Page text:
Express & Star

24/7 road policing and operation relaunched in response to road deaths

A road policing unit will begin operating 24 hours a day from the end of this month as part of the ongoing battle to keep Staffordshire’s highways safe from those who put others at risk.


Staffordshire Police have also relaunched an operation in response to a rise in road deaths during 2023.

Chief Constable Chris Noble said in his report to the latest police performance meeting that 44 people had lost their lives as a result of incidents on the area’s roads last year – six more than in 2022. He described each death as a tragedy which left behind grieving families and friends.

He said: “One of my biggest concerns is the number of fatalities on our roads – 44 deaths, 44 families pulled apart. That will live with them for the rest of their lives, incredibly traumatic incidents.

“They range from what very sadly what appears to be ill-health incidents to completely avoidable tragic circumstances. It is completely unacceptable levels of death and serious injury on our roads.

“There’s no single reason, or location, behind the rise in deaths we have seen. But in response, we relaunched Operation Lightning, investing more staff into a 24/7 roads policing unit to tackle those who put other road users at risk, and will continue to educate the wider driving community about the importance of road safety.”

Chief Superintendent for ops and contact Paul Talbot gave further details at the meeting about Operation Lightning, which was relaunched in December, and the roads policing unit. He said: “We’re going 24/7 on 26th February and we have five extra staff who are going to be joining us.

“We are fully supported now through Jets, which is our vehicle maintenance team. We’re fully on board and Op Lightning is here to stay – it’s a proactive approach in regards to making sure Staffordshire is safe.

“There are no specific factors or causes that are outliers from any other force, other than that we know that 29% (12 fatal collisions which involved) vulnerable road users, which is motorcycles, and then we have 26% (11 fatal collisions which involved) pedestrians. We’re looking at a different strategy around it, focusing our units and resources in a more proactive way.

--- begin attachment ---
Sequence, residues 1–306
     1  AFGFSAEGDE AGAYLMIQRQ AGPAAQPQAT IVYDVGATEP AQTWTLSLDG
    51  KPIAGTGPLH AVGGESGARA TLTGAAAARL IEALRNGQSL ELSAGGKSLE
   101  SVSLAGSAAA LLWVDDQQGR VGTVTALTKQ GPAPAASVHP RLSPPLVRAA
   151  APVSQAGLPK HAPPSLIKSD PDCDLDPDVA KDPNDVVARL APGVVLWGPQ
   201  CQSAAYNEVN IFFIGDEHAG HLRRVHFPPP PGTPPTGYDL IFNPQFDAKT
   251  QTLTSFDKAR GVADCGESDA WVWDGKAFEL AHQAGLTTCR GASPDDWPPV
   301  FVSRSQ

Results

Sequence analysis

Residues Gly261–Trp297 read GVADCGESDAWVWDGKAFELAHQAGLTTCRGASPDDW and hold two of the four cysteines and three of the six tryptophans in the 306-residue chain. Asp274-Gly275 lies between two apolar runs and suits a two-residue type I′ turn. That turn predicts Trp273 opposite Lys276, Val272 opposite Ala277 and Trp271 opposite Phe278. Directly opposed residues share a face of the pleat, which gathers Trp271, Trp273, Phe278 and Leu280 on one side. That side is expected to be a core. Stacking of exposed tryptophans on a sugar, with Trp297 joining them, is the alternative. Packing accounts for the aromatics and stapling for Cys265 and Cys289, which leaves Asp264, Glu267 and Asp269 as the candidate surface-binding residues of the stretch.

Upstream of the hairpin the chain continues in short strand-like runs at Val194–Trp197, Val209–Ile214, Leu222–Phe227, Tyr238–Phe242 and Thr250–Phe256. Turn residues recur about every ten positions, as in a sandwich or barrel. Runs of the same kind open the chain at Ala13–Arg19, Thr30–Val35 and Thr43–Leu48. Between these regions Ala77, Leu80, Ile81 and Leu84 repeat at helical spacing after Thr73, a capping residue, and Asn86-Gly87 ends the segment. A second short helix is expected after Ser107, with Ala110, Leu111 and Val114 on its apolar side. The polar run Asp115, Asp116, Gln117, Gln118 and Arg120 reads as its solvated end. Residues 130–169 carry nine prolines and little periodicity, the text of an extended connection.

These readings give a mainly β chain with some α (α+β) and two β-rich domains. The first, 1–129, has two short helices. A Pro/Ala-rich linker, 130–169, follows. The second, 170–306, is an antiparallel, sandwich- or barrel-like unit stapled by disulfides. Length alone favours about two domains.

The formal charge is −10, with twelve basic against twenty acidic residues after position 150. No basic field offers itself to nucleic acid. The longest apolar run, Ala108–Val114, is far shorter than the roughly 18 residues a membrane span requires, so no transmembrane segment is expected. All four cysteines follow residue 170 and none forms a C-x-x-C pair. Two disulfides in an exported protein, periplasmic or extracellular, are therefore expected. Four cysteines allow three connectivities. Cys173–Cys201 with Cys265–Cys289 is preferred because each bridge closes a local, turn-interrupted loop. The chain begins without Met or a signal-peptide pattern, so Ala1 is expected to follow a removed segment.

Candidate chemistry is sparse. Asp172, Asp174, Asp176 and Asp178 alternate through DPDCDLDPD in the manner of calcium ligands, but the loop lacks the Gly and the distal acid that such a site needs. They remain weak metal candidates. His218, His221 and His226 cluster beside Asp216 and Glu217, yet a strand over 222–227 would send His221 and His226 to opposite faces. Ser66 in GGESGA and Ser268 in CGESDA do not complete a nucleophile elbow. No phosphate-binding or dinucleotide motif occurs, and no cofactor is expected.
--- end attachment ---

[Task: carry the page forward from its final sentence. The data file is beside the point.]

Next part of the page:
“Some of that can be education – we do biker breakfasts and bike safety initiatives in order to meet those vulnerable road users and engage. We’re also linking with our partners, such as SSRP (Staffordshire Safer Roads Partnership) and local authorities, so we look at street environment or causations where collisions take place to see what we can do as a whole.

“It’s also about enforcement as you would expect police to do. From December and the launch of Operation Lightning we saw 58 arrests for drink driving or drug offences, 392 breath and drug swipes conducted in December alone, 38 stolen vehicles recovered and 272 traffic offences reported.

“It’s really about being proactive, visible, engaging with the communities and our partners in order to make the roads safer. A lot around road safety is about visibility, raising awareness, education and speaking to the public.”

Deputy Police, Fire and Crime Commissioner Helen Fisher said: “I’m highly delighted this work is going on. I really hope you carry on being proactive in all of these areas.

“There are far too many uninsured drivers on our roads and I am happy that in December 76 of these selfish drivers had their vehicles taken off them – I do hope they were inconvenienced by that.”

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